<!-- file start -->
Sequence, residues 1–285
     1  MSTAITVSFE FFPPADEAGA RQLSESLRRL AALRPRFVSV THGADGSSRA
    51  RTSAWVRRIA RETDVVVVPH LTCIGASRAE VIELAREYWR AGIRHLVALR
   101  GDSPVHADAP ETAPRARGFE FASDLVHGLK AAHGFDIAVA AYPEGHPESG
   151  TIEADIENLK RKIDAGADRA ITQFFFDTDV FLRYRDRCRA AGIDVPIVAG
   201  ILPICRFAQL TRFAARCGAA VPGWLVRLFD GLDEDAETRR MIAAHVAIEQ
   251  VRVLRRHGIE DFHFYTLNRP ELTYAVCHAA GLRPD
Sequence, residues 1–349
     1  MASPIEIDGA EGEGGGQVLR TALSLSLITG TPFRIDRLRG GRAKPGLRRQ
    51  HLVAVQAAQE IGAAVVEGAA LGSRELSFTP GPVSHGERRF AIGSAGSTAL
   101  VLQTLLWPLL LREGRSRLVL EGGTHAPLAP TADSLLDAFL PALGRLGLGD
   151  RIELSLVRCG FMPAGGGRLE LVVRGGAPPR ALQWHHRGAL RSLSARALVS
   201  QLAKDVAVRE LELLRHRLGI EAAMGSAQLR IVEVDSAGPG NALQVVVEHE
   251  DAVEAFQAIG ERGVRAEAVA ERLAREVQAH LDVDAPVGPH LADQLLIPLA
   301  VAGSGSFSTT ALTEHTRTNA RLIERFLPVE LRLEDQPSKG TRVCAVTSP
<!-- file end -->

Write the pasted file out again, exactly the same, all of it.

Sequence, residues 1–285
     1  MSTAITVSFE FFPPADEAGA RQLSESLRRL AALRPRFVSV THGADGSSRA
    51  RTSAWVRRIA RETDVVVVPH LTCIGASRAE VIELAREYWR AGIRHLVALR
   101  GDSPVHADAP ETAPRARGFE FASDLVHGLK AAHGFDIAVA AYPEGHPESG
   151  TIEADIENLK RKIDAGADRA ITQFFFDTDV FLRYRDRCRA AGIDVPIVAG
   201  ILPICRFAQL TRFAARCGAA VPGWLVRLFD GLDEDAETRR MIAAHVAIEQ
   251  VRVLRRHGIE DFHFYTLNRP ELTYAVCHAA GLRPD
Sequence, residues 1–349
     1  MASPIEIDGA EGEGGGQVLR TALSLSLITG TPFRIDRLRG GRAKPGLRRQ
    51  HLVAVQAAQE IGAAVVEGAA LGSRELSFTP GPVSHGERRF AIGSAGSTAL
   101  VLQTLLWPLL LREGRSRLVL EGGTHAPLAP TADSLLDAFL PALGRLGLGD
   151  RIELSLVRCG FMPAGGGRLE LVVRGGAPPR ALQWHHRGAL RSLSARALVS
   201  QLAKDVAVRE LELLRHRLGI EAAMGSAQLR IVEVDSAGPG NALQVVVEHE
   251  DAVEAFQAIG ERGVRAEAVA ERLAREVQAH LDVDAPVGPH LADQLLIPLA
   301  VAGSGSFSTT ALTEHTRTNA RLIERFLPVE LRLEDQPSKG TRVCAVTSP